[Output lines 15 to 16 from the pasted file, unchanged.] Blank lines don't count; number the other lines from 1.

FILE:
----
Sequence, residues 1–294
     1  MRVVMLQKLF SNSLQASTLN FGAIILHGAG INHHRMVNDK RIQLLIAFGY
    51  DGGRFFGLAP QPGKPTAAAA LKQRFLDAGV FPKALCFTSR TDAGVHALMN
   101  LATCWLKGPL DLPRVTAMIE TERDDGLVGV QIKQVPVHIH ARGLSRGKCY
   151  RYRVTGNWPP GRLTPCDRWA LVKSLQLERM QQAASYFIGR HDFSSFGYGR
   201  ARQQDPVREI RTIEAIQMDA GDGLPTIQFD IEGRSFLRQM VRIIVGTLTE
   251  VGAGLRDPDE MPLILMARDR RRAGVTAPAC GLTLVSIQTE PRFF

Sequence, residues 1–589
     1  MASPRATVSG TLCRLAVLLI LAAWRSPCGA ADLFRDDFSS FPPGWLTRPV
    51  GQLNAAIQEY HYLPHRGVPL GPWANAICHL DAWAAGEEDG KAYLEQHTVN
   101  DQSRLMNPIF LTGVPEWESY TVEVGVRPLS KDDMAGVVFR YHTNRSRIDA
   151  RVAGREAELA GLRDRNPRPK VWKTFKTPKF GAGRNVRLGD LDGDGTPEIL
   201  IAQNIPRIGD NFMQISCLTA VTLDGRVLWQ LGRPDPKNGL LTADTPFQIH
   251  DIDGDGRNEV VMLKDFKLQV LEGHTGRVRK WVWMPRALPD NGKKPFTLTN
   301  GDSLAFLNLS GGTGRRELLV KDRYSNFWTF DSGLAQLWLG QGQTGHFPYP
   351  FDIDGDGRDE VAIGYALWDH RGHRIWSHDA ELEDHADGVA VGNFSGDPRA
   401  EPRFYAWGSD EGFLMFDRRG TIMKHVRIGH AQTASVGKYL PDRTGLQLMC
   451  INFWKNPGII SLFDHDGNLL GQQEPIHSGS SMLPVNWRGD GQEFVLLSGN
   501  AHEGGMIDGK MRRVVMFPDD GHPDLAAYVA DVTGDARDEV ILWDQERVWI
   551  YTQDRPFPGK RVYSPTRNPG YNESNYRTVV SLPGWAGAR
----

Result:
   301  GDSLAFLNLS GGTGRRELLV KDRYSNFWTF DSGLAQLWLG QGQTGHFPYP
   351  FDIDGDGRDE VAIGYALWDH RGHRIWSHDA ELEDHADGVA VGNFSGDPRA